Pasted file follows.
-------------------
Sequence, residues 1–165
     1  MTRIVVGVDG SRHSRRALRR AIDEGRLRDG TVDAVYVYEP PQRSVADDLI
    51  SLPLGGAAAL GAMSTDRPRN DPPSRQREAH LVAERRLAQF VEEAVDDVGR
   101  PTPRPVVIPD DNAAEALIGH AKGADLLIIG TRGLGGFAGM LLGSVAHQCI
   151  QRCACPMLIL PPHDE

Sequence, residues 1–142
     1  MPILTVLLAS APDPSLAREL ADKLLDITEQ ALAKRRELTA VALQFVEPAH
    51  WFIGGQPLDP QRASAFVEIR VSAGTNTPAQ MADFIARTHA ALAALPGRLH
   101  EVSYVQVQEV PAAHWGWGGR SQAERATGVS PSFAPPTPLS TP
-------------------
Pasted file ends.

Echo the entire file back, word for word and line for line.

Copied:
Sequence, residues 1–165
     1  MTRIVVGVDG SRHSRRALRR AIDEGRLRDG TVDAVYVYEP PQRSVADDLI
    51  SLPLGGAAAL GAMSTDRPRN DPPSRQREAH LVAERRLAQF VEEAVDDVGR
   101  PTPRPVVIPD DNAAEALIGH AKGADLLIIG TRGLGGFAGM LLGSVAHQCI
   151  QRCACPMLIL PPHDE

Sequence, residues 1–142
     1  MPILTVLLAS APDPSLAREL ADKLLDITEQ ALAKRRELTA VALQFVEPAH
    51  WFIGGQPLDP QRASAFVEIR VSAGTNTPAQ MADFIARTHA ALAALPGRLH
   101  EVSYVQVQEV PAAHWGWGGR SQAERATGVS PSFAPPTPLS TP